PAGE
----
On Being A Good Conversationalist: Learning by Listening

Are you talking too much? Good conversation requires listening.

“If you want to be a good conversationalist, be a good listener. To be interesting, be interested.” — Dale Carnegie

Conversation is my favorite way to learn.

It’s like learning a new language through immersion. The experience and perspective of others is a vast store of knowledge waiting to be plumbed.

With each conversation, diversity of thought expands.

Being a good conversationalist means avoiding common traps formed by emotions, cognitive biases and insecurities.

Do you often dominate conversations? Allow your conversation to breathe with pauses. Don’t verbally mug the other person with frequent interruptions. If you want to have a good conversation, then be a good listener.

Are you carrying conversations? Limit small talk. Ask thought-provoking, open ended questions. Pause and give the other person time to think. Silence is often the best prompt.

Do you want other people to find you interesting and engaging? Start by being interested in the other person. The more they talk about their own interests, the more interesting you become.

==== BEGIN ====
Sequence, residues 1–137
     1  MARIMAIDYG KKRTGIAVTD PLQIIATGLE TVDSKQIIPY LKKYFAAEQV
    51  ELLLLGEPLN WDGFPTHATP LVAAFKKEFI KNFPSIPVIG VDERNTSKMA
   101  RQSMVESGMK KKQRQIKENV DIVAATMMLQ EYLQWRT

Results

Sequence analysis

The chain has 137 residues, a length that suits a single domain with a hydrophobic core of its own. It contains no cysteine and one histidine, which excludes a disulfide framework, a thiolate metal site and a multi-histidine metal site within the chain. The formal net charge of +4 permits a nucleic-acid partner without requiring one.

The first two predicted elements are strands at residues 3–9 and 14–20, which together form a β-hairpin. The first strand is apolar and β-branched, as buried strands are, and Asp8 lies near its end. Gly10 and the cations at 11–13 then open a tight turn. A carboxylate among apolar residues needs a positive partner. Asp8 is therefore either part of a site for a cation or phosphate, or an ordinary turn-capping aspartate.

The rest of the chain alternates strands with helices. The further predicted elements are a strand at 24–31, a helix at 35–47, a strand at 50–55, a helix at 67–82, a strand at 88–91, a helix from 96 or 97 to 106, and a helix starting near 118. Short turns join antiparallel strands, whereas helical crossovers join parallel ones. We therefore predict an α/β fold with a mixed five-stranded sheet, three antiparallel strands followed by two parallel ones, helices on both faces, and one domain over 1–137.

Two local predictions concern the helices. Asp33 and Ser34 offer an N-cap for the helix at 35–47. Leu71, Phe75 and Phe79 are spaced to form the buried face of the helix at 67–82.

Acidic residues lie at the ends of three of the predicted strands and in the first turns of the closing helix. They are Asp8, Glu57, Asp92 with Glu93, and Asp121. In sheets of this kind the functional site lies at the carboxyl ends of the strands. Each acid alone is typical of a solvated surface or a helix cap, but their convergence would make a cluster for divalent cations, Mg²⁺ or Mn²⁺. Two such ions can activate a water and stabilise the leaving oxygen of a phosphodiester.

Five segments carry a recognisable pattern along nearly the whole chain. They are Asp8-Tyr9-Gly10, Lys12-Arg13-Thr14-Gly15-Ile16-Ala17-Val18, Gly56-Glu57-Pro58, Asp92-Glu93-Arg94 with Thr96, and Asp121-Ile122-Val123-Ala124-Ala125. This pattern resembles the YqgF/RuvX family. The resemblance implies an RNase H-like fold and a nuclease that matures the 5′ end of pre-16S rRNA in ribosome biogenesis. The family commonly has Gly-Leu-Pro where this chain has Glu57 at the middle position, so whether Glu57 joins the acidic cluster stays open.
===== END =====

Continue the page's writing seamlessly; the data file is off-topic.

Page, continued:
Do you avoid conversation or seek escape when entangled? Practice open ended questions with friends and family. Have a few in reserve for the next unexpected encounter. Coral fear by thinking about what you have to gain.

Do you tend to be argumentative or judgmental? Enter every conversation with an open mind. Respond to challenging ideas or inconsistencies by asking questions. Agreement isn’t necessary, but learning and understanding is.

As with any skill, being a good conversationalist takes practice. Immerse yourself and learn as you go. Have as many conversations with as many people as possible.

Keep the following practices in mind, and you’ll be amazed at what you can learn in only one conversation:

  • Listen.

  • Don’t judge.

  • Limit small talk.

  • Pause occasionally.

  • Ask open ended questions.


🤔 Food for Thought:

Do you have a few thought-provoking, open ended questions in reserve for your next conversation?

Do you enter a conversation wanting to talk or listen?

How many interesting conversations have you had in the last week?


⚙️ One Small Step:

Think about your last conversation with a stranger or someone you recently connected with online. What was the small talk to deep talk ratio? Were you listening for at least half the conversation? What did you learn?